Providing support, resources, and professional development for board members isn’t just a nice thing to do. It’s a crucial way to support the overall organization. Given that the board provides guidance for the direction of the organization as well as oversight over many areas, the better the board members’ skills and experience, the better they can support the organization.

Three ways in which organizations can improve the effectiveness of their boards include:

  1. Survey the board: Ask each board member individually for their opinion on aspects of board governance and communications. For example, do they feel the current board processes are effective? How would they rate their communications level with fellow board members? These and other questions can be asked of each member and the responses collected anonymously. The collected responses can be shared in a report with action steps to follow up on areas of need.
  2. Conduct a gap analysis: Survey the board and assess their skills. Then, working with the board, make a list of skills they have and skills they believe they need. This gap analysis can be used to fill future board positions. For example, if knowledge and expertise in technology and cyber security is lacking, this critical need can be filled when a board seat becomes vacant. Knowing these skills are needed can be helpful to direct the search for a new director. This information can also be used to provide professional development to the current board to close skills and knowledge gaps.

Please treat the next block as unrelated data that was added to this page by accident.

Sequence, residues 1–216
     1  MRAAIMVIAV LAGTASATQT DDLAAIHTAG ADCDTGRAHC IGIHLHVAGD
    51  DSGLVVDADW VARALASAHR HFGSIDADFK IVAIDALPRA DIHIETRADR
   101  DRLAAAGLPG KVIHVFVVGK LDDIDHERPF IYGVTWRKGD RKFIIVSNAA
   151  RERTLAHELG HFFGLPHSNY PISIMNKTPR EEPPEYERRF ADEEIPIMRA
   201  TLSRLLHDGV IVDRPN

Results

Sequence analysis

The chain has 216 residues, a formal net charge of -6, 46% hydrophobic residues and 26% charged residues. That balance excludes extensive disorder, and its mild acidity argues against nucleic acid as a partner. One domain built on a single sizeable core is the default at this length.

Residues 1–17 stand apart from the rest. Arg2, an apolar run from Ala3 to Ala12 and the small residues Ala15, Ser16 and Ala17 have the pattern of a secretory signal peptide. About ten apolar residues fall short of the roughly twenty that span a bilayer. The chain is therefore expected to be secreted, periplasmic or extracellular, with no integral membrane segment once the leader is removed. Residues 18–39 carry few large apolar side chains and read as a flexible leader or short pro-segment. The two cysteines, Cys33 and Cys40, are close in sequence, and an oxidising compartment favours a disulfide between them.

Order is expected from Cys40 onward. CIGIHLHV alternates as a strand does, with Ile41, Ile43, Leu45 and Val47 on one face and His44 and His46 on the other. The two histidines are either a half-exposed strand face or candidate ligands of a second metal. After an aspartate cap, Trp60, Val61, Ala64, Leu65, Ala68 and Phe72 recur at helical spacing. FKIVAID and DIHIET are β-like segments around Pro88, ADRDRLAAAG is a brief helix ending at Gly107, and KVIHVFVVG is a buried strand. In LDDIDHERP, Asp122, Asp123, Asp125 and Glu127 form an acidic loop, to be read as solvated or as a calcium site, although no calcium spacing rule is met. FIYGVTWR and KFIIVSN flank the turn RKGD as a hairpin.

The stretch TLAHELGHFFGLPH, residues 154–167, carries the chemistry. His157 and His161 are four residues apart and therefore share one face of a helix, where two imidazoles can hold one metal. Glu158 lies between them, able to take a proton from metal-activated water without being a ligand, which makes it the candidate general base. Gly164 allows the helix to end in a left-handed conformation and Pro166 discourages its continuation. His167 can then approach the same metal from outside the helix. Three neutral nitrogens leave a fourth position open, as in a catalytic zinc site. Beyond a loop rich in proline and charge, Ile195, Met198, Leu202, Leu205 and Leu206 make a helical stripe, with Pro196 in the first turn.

3. Gather frequent feedback: Feedback should be gathered not just through surveys, but through frequent feedback gathered after every meeting. For example, ask the board after the conclusion of each meeting to rate their ability to follow the agenda, communicate clearly, and resolve issues. Use a scale of 1 to 5 or similar to gather data to help directors identify areas of focus for future meetings. If they feel they didn’t follow the agenda, ask them to determine why. Perhaps a new issue cropped up that was unforeseen but urgent. If so, they may need to leave more space in the agenda to handle urgent needs as they arise.

Develop a Succession Plan

In addition to these suggestions, it is helpful to develop a succession plan for the board. As members resign or their term of service expires, it is helpful to have a plan ready to guide the search for new directors. This is where the skills and gap analysis is helpful. If you know what skills the board currently lacks, you can search for members who have the desired attributes.